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Monday April 15th

New national security law passed in Hong Kong draws global criticism

<p><em>The new Hong Kong bill introduces 39 new laws that broaden the definitions of crimes that authorities consider threats to national security and their penalties, including treason, espionage, insurrection, sabotage and external interference in Hong Kong’s affairs (Photo courtesy of </em><a href="https://www.flickr.com/photos/studioincendo/48108527758/in/photolist-2gibMe9-2hJQESf-2hJRGdv-2hJRFKm-2h9jmy5-9ApGv6-2hZAPks-2hJN1Dh-2hZAMmC-2hZAPdi-2hJQCbP-2hJMX4X-azncke-2hJQzTh-2gfB2dG-2gfBoqk-2mLqRPc-2gic7Y8-2gcwruW-psan4F-2gq5Ag1-2jyT1cK-2gic84Z-puWdPq-2gt7jkr-2gibyTf-2i5bXpz-2i5d15Z-2gt7iPM-2gt74jt-2gpfWZ5-2hKB6UJ-2gfBp7W-2hJN2Wh-7eQ148-2hQCQhF-2hQCQGJ-2hQDPgM-2hQDPEs-2hKDKyR-2gpfWWu-2i5cD7R-2kbFzsR-prGQZ8-2gibyQz-2hKEPzR-2gcwrQA-2hKEQij-2gic86C-2kSVGzo" target=""><em>Flickr</em></a><em> / Studio Incendo. June 22, 2019). </em></p>

The new Hong Kong bill introduces 39 new laws that broaden the definitions of crimes that authorities consider threats to national security and their penalties, including treason, espionage, insurrection, sabotage and external interference in Hong Kong’s affairs (Photo courtesy of Flickr / Studio Incendo. June 22, 2019). 

By Gauri Patel 
Staff Writer 

Lawmakers in Hong Kong unanimously passed a new national security bill on March 19 that expands the government’s powers to crack down on dissent. Critics warn that the legislation, known as the Safeguarding National Security Bill, would further threaten civil liberties in Hong Kong and overseas, according to Reuters

The bill introduces 39 new laws that broaden the definitions of crimes that authorities consider threats to national security and their penalties, including treason, espionage, insurrection, sabotage and external interference in Hong Kong’s affairs. The crimes vary in degree, from offenses leading to maximum life imprisonment, such as joining an armed force at war with China, to smaller offenses resulting in several years in jail, like the possession of state secrets, according to Reuters

Hong Kong’s Legislative Council, consisting of a majority of pro-Beijing loyalists, fast-tracked the legislation at the request of the city’s leader, John Lee, who called for it to be enacted at “full speed.” According to The Associated Press, it was passed within two weeks of it being presented, and committee meetings were held daily for a week.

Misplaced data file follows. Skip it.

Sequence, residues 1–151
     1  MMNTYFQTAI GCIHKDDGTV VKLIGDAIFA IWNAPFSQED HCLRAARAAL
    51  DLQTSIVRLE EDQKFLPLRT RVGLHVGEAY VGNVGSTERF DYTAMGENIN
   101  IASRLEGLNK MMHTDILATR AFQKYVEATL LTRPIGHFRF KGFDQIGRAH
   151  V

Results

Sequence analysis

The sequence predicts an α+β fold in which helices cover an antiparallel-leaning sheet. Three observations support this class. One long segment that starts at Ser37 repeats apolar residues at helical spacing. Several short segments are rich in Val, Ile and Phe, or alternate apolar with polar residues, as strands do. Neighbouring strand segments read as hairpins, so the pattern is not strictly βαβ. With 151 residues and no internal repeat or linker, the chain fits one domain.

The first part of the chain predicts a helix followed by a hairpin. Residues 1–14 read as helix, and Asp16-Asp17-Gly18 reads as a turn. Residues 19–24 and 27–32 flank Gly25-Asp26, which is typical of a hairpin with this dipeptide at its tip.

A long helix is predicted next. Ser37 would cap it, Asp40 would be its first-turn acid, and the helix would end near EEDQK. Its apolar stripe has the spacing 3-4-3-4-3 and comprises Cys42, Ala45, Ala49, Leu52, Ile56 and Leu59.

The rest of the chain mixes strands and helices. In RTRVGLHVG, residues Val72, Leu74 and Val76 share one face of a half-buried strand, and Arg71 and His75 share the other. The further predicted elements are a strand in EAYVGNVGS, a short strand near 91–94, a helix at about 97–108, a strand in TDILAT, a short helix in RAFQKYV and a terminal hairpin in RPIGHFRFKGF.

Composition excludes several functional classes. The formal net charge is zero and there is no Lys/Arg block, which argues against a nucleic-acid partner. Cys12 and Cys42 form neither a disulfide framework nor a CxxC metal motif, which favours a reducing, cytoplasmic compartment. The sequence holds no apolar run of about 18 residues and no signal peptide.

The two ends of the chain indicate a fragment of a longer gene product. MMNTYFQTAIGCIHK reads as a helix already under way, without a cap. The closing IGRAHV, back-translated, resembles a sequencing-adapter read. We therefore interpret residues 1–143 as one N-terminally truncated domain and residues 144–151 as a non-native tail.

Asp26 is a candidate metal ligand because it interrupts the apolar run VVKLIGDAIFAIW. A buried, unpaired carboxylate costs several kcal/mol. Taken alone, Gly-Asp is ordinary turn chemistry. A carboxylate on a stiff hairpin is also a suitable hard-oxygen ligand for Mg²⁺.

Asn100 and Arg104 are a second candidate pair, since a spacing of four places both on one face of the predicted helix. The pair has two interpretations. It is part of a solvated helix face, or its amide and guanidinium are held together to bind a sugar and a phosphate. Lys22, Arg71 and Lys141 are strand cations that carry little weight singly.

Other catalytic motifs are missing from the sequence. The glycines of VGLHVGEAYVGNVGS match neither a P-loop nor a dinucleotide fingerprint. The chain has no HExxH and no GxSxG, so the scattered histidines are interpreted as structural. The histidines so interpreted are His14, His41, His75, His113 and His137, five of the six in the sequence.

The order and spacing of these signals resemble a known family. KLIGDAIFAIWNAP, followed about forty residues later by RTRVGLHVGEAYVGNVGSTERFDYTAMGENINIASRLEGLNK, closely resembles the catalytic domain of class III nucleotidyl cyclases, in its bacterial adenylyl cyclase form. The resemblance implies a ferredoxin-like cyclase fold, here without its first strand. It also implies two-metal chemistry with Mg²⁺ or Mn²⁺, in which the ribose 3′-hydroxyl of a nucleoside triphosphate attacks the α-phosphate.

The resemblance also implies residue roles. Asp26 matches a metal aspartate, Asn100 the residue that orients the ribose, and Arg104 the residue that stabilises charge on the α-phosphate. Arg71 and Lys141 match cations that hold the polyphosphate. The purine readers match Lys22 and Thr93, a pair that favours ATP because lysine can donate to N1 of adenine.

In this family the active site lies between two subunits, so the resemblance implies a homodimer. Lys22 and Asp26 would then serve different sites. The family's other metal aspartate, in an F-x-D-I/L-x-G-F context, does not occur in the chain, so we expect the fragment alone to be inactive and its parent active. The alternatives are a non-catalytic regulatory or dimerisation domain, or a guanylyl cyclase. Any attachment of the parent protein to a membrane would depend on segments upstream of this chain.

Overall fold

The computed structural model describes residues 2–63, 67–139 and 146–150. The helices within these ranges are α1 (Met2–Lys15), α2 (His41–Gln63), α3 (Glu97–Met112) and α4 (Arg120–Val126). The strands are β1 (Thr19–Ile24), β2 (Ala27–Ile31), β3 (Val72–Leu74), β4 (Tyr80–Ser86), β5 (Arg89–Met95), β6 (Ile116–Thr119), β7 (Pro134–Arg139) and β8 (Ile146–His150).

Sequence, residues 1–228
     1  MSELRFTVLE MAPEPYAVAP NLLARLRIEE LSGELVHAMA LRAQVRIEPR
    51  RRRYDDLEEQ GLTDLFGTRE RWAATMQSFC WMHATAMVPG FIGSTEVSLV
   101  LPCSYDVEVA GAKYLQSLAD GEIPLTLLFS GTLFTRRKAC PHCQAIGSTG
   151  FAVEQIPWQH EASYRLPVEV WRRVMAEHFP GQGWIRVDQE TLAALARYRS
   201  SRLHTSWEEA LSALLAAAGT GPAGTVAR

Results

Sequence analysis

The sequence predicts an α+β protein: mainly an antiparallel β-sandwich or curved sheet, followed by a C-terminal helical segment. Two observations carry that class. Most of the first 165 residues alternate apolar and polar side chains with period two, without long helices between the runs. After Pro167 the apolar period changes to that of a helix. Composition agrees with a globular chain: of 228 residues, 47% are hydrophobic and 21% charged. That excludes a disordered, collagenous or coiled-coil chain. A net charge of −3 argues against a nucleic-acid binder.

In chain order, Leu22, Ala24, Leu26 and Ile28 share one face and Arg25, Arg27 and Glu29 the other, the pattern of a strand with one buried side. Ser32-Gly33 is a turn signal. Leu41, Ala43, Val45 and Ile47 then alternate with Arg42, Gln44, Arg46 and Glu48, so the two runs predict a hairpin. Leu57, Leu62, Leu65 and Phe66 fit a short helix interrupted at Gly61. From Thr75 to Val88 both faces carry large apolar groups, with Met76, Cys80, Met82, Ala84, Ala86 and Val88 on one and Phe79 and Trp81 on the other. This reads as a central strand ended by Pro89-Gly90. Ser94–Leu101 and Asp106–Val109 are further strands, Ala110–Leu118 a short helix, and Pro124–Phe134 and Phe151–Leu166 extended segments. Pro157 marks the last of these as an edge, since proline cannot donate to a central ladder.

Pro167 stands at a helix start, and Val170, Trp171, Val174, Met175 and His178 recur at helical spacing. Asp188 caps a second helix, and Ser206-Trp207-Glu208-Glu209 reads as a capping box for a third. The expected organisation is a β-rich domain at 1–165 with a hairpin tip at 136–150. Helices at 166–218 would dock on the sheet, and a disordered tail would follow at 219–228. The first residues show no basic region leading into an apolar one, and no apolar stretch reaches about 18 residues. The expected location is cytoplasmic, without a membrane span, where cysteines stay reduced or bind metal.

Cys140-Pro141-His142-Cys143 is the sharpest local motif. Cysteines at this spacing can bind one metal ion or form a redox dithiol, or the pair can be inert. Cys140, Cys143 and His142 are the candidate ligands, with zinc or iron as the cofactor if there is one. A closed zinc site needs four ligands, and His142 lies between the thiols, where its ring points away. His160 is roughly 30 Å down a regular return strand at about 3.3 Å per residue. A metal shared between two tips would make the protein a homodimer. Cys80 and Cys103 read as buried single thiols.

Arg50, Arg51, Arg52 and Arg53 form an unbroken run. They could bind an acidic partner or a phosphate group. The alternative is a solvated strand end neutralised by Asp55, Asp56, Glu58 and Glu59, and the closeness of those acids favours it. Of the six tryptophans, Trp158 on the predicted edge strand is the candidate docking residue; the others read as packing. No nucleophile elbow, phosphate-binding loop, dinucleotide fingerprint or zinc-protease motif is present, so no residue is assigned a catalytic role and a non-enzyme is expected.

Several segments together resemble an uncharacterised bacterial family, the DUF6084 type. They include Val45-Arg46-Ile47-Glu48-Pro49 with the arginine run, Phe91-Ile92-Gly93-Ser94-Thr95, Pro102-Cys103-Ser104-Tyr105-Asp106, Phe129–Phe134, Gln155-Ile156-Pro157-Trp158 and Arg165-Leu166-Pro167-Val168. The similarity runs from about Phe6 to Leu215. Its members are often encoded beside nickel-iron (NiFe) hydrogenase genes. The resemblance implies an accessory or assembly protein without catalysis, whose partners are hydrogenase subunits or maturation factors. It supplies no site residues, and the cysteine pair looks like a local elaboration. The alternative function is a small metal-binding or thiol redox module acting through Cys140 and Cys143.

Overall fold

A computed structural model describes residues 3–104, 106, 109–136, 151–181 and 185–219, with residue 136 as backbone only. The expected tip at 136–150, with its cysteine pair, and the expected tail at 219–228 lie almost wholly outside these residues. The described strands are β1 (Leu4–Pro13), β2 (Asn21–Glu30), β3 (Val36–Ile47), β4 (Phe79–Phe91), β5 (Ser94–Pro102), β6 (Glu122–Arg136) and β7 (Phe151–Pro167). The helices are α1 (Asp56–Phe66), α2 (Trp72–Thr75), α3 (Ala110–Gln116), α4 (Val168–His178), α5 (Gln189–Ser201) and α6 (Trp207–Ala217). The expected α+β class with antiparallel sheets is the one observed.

The legislation comes on top of a previous Beijing-imposed national security law passed in 2020 aimed at restoring stability after pro-democracy protests a year earlier, which sometimes turned violent. The Hong Kong government said the 2020 security law was successful at restoring stability, and the new law is necessary to fill loopholes and prevent a recurrence of the protests, according to NPR. 

Hong Kong, a former British colony, was guaranteed the preservation of its civil liberties by Beijing for 50 years when it returned to Chinese rule in 1997. Critics, including the United States, argue that the new law would result in a further crackdown on society by narrowing those civil liberties, such as freedom of speech, and deterring dissent through fear of punishment. Some provisions of the new law will impact foreign citizens and companies operating in the city, in addition to those outside Hong Kong who violate the law. 

Journalists have expressed fear that the broad definitions of “state secrets” and “sedition” will impact their day-to-day work by making it challenging to determine what constitutes a threat to national security and what can be published. In 2021, many pro-democracy media outlets, such as Apple Daily, were forced to cease operations after facing charges of distributing seditious publications. The Apple Daily’s offices were raided by police and its funds were frozen. The newspaper’s founder and senior editors were also arrested, according to NPR. 

Many of the city’s companies are also concerned about the implications of the state secret and espionage offenses in the law, particularly involving the handling of sensitive economic data and research. 

Despite these concerns, officials insist that the legislation only impacts a small minority of residents who endanger national security and that focus could instead be shifted towards advancing economic development and improving people’s livelihoods. 

The new law drew criticism from global leaders, including the United States, the European Union and Japan. Secretary of State Antony Blinken released a statement criticizing the vague language of the bill regarding sedition and state secrets, in addition to the transnational implications of certain clauses. 

“We [the United States] share concerns expressed by other nations that Hong Kong authorities could seek to apply the new legislation extraterritorially in their ongoing campaign of transnational repression, and condemn efforts to intimidate, harass, and limit the free speech of U.S. citizens and residents,” Blinken wrote in a press release

The U.S. Congressional-Executive Commission on China published a letter addressing Blinken in which they said that the legislation will “further erode the rule of law and fundamental freedoms of people of Hong Kong and U.S. interests in the city” and urged the U.S. to take concrete action to hold the Hong Kong officials responsible. 

Advocacy groups have called for nations to impose sanctions on Hong Kong and Chinese officials involved in the legislation’s passage, though no actions have been announced yet.




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